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Math Prospects for computational math majors

  1. Aug 20, 2008 #1
    Recently I was asking myself this question too often: who would realistically hire a candidate with B.S. in computational mathematics alone w/o any experience?

    I understand that there is a math major and there is a computer science major. Computational math seems to be something in between, but I am not sure how useful is it. It seems as if most employers will want that person to hold a Ph.D. in math or computer science alone. If Ph.D. or master degree is not an option, what real jobs (i.e. realistically obtainable) can such candidate hope for?

    Please do not hesitate to give a tough answer.
  2. jcsd
  3. Aug 20, 2008 #2
    The reality is even math PHDs are worthless (outside of academia). So with a bachelor I imagine things would be worse.

    Having said that, finance has opened its eyes to mathematicians. They must have realized their economists don't know squat about math and are looking to get real work done. This means banks are looking for mathematicians, in such fields as finance, risk theory, and the quant sectors. You can also work for an insurance company as an actuary, provided you took several statistics courses along with your math. Some of these would require you to pass a series of exams, so you'd need to do a little independent study to become qualified.
  4. Aug 20, 2008 #3
    I think recruiters working for finance are very picky. I also heard that most of the jobs in finance (and private sector in general) go to those who are well-networked. I think that some people (not all) decide to pursue Ph.D. out of desperation but in the end it's the connections they make that really matter. Therefore my chances are probably not so great because I don't have any connections yet.

    I am really interested in working for U.S. army as a computer/math specialist. However, I feel like a total newbie to the question of employment issues, so please feel free to correct me and give most sincere/tough advice. I have surveyed some army/government job offers for positions requiring math skills. It seems that they do have a need for people with math/computer skills at the Bachelor degree level. The question is: do they really need math skilled personnel or are those job offers just a fiction they have to post on their websites and real jobs go to veterans and other enlisted personnel? Does anybody have information on how to GET a reasonable entry-level civilian job offer utilizing math at government/army? By advice, I don't mean the usual "apply and wait until they never call you back."

    Thanks in advance.
  5. Aug 20, 2008 #4
    You can be become a actuary.It takes forever to become one,but you get very high and a ver very flexible work schedules. \
    Math tend to be a double major subject from what I see. CompSci+Math ,physics + math and even engineering + math isn't uncommon at all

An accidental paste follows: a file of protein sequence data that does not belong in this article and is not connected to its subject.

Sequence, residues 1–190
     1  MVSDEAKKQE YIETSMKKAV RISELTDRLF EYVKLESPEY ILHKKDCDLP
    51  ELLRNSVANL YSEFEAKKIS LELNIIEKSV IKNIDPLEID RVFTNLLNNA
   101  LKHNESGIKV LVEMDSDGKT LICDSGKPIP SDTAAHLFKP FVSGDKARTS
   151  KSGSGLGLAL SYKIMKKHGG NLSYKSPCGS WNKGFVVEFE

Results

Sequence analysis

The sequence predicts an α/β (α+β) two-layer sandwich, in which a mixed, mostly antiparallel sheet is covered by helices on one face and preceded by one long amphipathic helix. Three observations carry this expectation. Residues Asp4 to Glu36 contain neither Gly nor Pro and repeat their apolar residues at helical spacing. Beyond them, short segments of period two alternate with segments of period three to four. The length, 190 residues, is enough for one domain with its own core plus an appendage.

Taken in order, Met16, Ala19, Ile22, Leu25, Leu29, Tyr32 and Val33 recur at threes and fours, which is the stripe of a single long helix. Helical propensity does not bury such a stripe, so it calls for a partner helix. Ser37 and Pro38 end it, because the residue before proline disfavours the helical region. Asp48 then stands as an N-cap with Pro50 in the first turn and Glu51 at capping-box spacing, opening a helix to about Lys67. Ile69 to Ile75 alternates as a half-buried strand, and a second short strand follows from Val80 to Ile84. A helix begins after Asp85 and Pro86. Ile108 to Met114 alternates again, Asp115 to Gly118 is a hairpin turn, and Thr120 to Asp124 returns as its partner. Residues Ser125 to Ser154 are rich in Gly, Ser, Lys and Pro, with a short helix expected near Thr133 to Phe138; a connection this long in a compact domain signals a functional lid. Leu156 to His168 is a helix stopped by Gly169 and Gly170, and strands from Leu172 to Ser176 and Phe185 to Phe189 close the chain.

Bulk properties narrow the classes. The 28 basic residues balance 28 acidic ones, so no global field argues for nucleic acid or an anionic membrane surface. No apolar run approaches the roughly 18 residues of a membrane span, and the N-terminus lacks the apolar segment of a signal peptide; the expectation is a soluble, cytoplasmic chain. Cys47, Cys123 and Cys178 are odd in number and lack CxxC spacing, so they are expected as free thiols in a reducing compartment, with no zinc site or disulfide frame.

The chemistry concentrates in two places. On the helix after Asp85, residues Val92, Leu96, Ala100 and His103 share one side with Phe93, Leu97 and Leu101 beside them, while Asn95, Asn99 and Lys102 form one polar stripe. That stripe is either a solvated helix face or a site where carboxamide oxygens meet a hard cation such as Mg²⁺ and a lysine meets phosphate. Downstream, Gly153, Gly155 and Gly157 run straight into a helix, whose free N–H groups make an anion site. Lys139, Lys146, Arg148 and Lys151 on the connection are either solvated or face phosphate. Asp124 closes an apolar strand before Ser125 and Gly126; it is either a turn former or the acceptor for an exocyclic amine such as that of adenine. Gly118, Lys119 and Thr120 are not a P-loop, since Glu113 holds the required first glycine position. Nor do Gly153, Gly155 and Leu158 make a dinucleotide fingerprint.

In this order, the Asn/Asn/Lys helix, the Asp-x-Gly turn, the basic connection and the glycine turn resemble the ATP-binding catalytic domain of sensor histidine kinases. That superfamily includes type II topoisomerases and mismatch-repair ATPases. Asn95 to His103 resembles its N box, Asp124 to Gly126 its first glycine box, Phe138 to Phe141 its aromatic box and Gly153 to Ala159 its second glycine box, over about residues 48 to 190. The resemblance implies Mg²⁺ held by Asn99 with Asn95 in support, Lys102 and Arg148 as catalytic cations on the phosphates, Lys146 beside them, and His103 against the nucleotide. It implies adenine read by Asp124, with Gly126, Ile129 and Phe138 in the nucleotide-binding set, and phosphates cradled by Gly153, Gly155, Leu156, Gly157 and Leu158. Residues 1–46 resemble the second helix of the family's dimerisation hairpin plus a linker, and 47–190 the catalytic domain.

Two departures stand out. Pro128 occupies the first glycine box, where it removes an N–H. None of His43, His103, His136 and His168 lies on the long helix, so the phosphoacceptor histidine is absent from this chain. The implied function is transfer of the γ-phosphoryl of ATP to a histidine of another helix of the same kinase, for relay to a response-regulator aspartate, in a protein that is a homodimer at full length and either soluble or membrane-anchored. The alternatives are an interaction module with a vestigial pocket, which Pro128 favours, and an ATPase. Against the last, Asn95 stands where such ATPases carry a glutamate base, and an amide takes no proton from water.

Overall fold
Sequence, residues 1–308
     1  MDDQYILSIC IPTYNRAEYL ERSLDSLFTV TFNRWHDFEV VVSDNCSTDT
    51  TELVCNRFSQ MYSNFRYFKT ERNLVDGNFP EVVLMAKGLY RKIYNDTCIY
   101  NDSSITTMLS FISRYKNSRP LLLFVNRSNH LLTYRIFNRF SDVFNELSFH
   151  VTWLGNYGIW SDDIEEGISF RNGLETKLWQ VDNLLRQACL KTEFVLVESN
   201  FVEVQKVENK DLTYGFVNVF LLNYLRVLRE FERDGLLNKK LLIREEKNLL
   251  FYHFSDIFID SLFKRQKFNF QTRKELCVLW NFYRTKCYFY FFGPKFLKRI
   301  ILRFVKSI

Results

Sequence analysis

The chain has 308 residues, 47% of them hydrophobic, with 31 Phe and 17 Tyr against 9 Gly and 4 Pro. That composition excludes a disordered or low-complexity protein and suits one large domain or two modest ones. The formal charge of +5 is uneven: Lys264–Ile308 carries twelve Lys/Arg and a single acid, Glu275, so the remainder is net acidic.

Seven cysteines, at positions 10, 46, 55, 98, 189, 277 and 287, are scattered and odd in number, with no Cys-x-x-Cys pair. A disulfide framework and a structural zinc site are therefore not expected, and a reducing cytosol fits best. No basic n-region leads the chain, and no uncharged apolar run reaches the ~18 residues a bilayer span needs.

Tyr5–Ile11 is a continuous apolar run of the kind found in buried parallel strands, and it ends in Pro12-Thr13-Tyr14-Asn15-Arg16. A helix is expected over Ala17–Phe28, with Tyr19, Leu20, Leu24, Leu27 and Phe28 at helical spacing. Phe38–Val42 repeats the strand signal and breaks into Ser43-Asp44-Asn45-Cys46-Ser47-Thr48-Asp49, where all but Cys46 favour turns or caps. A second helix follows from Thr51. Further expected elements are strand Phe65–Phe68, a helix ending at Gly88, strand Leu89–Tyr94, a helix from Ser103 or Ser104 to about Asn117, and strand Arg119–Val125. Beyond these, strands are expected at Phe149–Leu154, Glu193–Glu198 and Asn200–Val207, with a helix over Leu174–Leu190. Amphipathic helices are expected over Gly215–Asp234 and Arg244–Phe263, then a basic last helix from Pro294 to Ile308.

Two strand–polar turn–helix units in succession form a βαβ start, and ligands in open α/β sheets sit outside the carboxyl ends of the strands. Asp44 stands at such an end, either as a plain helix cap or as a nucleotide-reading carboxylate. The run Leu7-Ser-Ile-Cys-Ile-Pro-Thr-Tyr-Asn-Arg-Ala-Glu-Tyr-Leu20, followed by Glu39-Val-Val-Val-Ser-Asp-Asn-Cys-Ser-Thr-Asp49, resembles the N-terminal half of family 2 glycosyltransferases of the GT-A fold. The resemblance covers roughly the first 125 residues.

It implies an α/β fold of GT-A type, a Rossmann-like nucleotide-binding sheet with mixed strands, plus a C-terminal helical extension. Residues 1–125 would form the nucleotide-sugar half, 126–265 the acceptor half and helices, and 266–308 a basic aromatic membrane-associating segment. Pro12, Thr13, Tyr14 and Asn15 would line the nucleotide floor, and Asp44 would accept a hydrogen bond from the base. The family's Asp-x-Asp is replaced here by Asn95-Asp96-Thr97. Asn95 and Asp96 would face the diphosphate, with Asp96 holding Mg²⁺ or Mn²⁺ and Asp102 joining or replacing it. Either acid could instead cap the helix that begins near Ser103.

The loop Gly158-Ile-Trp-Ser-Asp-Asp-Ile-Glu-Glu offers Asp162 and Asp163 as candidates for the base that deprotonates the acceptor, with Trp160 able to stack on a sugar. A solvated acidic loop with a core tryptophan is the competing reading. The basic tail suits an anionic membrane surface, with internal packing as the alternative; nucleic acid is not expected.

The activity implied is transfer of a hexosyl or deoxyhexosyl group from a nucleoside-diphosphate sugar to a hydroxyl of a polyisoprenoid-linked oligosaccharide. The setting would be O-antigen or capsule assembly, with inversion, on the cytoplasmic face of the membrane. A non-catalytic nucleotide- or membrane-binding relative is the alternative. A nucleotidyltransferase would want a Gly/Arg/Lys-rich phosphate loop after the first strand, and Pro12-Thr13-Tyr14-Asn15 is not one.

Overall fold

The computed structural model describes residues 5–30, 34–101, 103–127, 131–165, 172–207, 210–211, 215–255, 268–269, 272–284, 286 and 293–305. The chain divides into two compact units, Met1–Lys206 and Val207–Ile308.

6. Aug 25, 2008 #5
    Well duh, connections obviously get you to better jobs and faster. You would have to work your way up. You can apply to banks in sectors that are related to math, ie quant sectors. Expect menial work at first before you ever use any math.

    As already stated, you can become an actuary. A job that has great prospects and pays extremely well (we're talking 6 digits). The work may be boring, as it is mostly elementary algebra with some statistics. You are required to pass ~8 exams which are very difficult, which on average take about 4-8 years. After 2 or 3 exams (takes 1-2 years), you would find actuarial-related work and make a steady income of about 60k year. Your promotions, roughly 5-10k per exam, come with the number of exams you comeplete. You need to be there about 10 years before you are certified and do some exciting work.

    This would be somewhat of a career change, as you will need to learn new math despite having a math major. In essence, these are not real "math jobs". Some of them even have specialized degrees of their own. I honestly don't know where a math major could go beyond highschool. I can think of a lot of places that need a mathematician... but that is no real answer either. I hope other users provide job opporunitiies for math BS, because as I see it there are none, unless you are virtually changing your career path entirely.
    Last edited: Aug 25, 2008
  7. Aug 25, 2008 #6


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    Computational math is one of the most useful majors. Everyone in science and engineering uses a bunch of programs which do computational math. They need people like you to code them.
    I can't give specific examples, since it's way out of my field, but I know that someone majoring in computational physics or computational math is probably more employable than anyone else in physics or math.

    Talk to your advisor about it.
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